I drowned. The Greek words and phrases streamed out of Litsa’s mouth, floated beautifully toward me, smacked violently into my forehead and fell, dying and useless, at my feet. Litsa’s language made her words a mystery to me, but my actions made my thoughts clear to Litsa. Imagine a small animal running in front of an oncoming car only to glance up into the bright beams of the headlights at the last moment. The look on that poor animal’s face was exactly the look I gave Litsa as she finished her sentence. The awkward silence that followed left the poor animal begging to be run down and put out of its misery.
Litsa broke the silence. "My English is not so good, and I make many mistakes…but I will try for you, and then maybe you will feel better to try Greek yourself." The warmth of her words, made more colorful by the nuances of her native Greek and the understanding I could see in her bright smile, wiped the panic from my mind and from my face.
"How was your trip here?" Litsa asked me, and for a moment, her kindness fueled my courage and I started to respond in Greek.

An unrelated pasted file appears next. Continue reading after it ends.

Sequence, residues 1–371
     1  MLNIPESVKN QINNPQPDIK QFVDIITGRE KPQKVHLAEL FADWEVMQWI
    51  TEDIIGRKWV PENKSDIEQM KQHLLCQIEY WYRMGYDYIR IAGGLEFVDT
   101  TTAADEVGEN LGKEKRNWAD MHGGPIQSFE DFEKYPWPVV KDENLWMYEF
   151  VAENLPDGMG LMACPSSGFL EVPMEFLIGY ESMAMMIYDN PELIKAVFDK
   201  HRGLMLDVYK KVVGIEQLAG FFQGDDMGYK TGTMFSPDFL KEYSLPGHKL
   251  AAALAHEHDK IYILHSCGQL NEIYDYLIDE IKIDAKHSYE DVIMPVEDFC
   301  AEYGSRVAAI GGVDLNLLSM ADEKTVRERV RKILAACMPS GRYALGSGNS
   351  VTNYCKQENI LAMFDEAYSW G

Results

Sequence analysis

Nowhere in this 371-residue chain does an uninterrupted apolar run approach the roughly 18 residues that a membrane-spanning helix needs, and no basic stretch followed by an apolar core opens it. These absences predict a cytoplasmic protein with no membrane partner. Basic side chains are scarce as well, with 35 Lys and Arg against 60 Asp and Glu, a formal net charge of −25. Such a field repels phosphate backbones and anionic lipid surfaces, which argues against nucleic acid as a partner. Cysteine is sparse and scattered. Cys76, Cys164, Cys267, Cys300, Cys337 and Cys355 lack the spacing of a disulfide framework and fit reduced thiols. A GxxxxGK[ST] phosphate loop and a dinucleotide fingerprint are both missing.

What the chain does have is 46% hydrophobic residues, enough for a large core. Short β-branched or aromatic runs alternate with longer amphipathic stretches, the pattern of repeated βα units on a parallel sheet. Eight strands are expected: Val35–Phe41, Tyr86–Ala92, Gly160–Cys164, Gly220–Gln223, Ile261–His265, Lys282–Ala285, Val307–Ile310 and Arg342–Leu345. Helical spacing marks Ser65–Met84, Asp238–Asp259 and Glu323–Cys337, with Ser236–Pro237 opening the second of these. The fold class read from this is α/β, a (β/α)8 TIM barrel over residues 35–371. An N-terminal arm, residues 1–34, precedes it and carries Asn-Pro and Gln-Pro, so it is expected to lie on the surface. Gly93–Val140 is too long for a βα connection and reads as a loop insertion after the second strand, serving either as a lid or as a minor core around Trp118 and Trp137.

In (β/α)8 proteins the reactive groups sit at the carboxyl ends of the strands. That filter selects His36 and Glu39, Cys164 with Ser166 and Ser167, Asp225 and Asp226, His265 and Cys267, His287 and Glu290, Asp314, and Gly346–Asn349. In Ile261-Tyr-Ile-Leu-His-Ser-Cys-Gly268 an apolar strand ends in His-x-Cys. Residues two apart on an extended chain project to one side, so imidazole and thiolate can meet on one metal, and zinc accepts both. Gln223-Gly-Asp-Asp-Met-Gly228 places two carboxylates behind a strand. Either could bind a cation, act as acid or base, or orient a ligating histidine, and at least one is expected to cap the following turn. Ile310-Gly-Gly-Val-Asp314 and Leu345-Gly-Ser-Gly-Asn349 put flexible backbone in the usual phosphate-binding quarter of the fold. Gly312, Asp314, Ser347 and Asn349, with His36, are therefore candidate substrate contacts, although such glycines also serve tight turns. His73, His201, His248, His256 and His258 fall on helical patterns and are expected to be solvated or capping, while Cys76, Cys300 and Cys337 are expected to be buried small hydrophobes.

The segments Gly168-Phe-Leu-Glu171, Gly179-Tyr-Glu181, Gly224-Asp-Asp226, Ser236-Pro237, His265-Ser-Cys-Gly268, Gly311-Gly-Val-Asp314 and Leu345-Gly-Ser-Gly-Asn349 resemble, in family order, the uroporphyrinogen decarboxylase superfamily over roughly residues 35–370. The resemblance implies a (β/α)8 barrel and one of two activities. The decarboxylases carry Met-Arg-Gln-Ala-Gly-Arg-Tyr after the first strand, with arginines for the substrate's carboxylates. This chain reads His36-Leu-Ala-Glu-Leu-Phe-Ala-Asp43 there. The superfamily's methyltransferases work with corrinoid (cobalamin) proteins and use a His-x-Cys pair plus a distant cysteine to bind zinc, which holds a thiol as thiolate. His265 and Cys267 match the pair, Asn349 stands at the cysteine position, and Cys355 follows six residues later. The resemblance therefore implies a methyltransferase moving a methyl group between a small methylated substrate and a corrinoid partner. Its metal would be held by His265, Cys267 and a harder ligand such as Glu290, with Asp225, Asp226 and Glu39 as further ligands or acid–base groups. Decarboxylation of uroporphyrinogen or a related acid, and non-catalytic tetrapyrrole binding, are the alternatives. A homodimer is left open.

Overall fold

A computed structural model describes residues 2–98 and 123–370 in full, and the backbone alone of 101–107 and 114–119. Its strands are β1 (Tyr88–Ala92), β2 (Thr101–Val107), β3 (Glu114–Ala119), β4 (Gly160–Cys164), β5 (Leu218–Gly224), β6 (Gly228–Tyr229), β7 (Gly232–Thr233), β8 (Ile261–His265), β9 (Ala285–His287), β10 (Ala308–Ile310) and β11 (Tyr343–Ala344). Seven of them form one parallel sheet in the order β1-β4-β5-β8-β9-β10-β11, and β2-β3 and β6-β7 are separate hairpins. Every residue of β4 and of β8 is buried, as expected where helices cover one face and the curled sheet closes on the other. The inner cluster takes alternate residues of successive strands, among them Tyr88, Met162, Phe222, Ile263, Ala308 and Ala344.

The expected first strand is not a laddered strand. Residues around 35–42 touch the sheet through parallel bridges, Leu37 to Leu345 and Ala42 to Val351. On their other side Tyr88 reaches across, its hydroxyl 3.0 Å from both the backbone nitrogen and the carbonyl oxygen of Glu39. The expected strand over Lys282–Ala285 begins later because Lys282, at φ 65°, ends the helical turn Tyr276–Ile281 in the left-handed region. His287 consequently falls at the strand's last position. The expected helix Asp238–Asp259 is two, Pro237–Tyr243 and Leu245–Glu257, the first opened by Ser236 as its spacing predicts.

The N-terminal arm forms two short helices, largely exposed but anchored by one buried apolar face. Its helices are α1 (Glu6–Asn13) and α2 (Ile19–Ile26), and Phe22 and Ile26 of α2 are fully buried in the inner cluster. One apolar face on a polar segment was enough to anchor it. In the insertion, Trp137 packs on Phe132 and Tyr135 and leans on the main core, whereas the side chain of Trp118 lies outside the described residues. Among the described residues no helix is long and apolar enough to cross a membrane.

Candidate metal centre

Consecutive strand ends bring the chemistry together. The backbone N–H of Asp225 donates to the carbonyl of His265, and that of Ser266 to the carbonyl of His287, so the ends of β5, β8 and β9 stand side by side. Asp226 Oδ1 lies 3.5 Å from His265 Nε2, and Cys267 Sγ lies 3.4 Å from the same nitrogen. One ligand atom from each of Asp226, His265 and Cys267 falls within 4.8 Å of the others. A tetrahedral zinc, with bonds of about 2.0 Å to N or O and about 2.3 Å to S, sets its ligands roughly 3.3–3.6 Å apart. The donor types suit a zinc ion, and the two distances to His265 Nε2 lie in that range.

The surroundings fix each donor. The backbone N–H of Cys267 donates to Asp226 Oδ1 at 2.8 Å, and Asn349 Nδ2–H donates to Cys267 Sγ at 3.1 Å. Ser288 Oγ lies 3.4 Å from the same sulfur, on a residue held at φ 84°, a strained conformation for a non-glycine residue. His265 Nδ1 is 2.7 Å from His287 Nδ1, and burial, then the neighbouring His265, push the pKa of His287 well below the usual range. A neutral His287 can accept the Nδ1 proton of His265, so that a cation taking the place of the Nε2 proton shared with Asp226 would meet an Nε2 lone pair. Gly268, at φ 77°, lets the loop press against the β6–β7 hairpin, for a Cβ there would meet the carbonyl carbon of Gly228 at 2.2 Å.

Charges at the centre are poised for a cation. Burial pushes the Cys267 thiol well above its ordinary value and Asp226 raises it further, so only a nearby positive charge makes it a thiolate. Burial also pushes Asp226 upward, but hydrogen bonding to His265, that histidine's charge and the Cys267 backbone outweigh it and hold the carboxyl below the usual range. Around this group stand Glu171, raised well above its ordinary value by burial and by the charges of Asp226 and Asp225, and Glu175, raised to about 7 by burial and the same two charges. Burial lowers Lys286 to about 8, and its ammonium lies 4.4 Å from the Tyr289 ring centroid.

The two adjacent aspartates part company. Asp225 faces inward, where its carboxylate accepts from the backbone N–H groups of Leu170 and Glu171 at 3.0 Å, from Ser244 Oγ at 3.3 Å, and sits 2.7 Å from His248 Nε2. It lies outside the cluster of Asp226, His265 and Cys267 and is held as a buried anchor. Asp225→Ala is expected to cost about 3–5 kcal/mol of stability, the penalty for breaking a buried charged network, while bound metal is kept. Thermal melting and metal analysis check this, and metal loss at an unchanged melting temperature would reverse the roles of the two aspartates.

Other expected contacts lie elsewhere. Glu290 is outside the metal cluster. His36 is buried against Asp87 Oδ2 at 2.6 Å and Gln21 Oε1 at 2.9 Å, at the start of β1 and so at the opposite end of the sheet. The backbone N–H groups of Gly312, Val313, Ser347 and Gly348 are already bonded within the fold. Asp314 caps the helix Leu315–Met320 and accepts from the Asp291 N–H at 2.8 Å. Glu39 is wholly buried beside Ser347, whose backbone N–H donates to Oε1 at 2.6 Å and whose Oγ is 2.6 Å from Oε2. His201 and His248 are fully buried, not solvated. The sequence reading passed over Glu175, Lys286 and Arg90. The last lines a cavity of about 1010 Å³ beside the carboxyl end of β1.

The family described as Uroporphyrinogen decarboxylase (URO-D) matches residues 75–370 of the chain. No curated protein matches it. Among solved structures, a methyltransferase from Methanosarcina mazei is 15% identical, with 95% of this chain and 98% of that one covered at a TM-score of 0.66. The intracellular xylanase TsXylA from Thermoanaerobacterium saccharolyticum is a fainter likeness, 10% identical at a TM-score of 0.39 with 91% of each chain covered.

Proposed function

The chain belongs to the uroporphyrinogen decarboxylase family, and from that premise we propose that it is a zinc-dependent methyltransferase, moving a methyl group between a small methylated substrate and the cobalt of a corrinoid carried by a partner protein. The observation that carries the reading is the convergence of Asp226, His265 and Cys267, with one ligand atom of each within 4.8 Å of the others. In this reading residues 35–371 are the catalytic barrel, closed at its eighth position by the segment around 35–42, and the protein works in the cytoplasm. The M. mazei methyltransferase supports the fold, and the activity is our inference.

"My trip was good."
Anxiety and panic suffocated my meager courage, and, defeated, I responded in English. The conversation continued in this manner, my brain fighting a battle between Greek and English, but English always won. By the time Tony returned to the porch to pick up the conversation in Greek, I was so exhausted by my inner struggles that I didn’t speak again until dinner.
The only difference between dinner that first night and every dinner to follow was the entire family showed up that first night to welcome their American guests. I secretly mused that it wasn’t news of visitors that had attracted all those people, but the homey smell of freshly baked bread wafting through the house. Litsa’s little dining room was so filled with food and family that the table was extended out onto the porch and any interaction between the inside family and the outside family meant negotiating the white curtains of the porch doors.
Greek food is so good that Greeks refrain from all conversation until after the meal. One’s appreciation of the food is expressed with a full mouth and the occasional chomping noises. This was a language I had used all my life. The horiatiki salad, with crumbly feta cheese and crisp vegetables; the full-flavored pastitsio, with layers of noodles and cheese; and the freshly baked bread, with homemade olive oil, made this primitive grunting language all too easy to understand. All I had to do to get my point across was keep my mouth full and smile and nod occasionally. I learned all the important Greek words that evening; all the names of the foods I liked.